There is no doubt that the work of the PMO can be as large or as small as it wants and needs to be. With the increased focus on portfolio and programme management, PMOs can quickly become overwhelmed with the belief that new approaches and services are needed to keep up with the business demand. Yet smart PMOs know how to speak to the business to really understand what core PMO services are really needed and focus their efforts on doing these really well.

In 2016, PMOs will become famous for one thing because they’re giving the business that one thing that really makes a difference and they’re doing that well because they’re focusing all their talents in that area. 2016 is about pushing back on businesses where they want everything a PMO could offer without investing in the PMO’s resource capacity and capability to provide them.


8. Making business cases for additional capacity and capability

Which leads us on to the next trend. PMOs will be making stronger and more fact based business cases for the extra resource capacity and capability they need to make sure they’re delivering the services the business wants and needs. Gone are the days of easy headcounts and sign off for contract staff. Today everyone is working more with less which means the PMO has to provide compelling reasons why the PMO should receive more funding.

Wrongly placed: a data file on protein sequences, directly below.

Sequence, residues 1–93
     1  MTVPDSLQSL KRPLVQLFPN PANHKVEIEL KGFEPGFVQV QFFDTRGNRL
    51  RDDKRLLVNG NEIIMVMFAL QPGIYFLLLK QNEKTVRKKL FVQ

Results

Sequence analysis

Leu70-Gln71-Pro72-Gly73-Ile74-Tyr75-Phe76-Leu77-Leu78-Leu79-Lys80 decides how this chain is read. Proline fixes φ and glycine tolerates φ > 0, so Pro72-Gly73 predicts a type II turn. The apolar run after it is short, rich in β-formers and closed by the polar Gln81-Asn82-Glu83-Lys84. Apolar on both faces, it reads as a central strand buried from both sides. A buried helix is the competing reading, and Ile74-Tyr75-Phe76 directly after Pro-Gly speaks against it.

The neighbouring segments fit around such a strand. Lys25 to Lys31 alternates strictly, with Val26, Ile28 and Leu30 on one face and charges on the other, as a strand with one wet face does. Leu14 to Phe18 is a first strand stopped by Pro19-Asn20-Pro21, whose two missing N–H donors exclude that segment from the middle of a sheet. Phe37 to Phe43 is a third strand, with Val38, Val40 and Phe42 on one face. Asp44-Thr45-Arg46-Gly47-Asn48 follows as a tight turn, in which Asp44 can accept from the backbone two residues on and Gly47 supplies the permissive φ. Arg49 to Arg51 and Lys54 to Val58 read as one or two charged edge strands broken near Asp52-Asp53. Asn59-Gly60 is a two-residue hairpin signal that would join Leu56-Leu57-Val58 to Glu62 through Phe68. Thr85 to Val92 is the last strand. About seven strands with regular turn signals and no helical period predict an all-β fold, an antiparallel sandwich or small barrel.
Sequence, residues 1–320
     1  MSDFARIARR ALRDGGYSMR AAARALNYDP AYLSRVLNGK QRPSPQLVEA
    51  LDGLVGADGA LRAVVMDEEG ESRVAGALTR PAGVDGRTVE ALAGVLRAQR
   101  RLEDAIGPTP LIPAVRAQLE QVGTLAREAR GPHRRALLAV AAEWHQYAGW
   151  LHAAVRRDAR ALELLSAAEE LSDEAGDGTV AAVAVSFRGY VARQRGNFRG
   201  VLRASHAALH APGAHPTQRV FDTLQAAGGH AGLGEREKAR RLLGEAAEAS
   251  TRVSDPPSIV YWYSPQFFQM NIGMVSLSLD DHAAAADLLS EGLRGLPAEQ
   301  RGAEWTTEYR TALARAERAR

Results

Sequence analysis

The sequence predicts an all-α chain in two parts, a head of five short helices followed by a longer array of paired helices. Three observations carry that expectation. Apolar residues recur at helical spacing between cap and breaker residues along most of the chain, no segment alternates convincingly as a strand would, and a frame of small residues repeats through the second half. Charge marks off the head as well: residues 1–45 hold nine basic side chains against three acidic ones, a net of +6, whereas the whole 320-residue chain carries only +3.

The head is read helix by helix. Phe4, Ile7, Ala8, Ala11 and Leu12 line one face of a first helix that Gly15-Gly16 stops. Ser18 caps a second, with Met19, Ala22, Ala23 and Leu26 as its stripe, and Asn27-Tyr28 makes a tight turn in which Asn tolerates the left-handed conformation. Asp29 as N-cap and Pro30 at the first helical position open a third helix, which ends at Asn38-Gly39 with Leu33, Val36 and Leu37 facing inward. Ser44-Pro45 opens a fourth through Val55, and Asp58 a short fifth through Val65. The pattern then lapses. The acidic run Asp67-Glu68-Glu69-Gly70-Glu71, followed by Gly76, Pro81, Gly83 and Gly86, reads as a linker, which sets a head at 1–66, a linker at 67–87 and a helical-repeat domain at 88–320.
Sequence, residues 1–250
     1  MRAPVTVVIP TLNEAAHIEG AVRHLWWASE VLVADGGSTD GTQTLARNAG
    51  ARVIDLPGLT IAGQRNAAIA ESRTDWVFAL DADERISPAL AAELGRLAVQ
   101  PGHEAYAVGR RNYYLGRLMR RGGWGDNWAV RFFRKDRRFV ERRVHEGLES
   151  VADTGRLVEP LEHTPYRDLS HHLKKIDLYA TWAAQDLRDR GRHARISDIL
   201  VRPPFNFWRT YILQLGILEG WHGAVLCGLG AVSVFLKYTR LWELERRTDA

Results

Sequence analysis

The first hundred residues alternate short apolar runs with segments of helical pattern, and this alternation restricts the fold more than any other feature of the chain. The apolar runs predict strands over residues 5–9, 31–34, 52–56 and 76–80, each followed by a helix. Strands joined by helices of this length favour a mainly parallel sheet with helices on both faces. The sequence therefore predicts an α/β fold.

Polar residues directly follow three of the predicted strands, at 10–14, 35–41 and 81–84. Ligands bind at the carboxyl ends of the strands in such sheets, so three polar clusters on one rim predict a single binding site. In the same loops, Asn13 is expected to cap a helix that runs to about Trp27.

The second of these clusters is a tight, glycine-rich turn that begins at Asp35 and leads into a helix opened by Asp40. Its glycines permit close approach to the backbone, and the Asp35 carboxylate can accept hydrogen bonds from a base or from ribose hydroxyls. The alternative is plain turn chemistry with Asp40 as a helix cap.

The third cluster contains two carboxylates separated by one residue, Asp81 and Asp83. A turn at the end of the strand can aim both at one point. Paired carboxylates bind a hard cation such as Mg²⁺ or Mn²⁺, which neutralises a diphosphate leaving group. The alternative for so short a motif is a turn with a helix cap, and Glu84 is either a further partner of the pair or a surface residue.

In 2016. PMO Managers should focus on creating effective business cases and learning the language of getting what you need from senior executives. It’s time to use those metrics and measurements; good success stories and customer satisfaction feedback forms to get what you need to evolve the PMO.

9. Understanding the true skillset required for where you’re heading

“Invest three percent of your income in yourself (self-development) in order to guarantee your future” said Brian Tracy, an American author. And invest that 3% wisely. Individuals working in a PMO who want to carry on working within the PMO field for a number of years to come, owe it to themselves to make sure their self-development takes into account where they are today AND also where they think they’ll be heading in the future.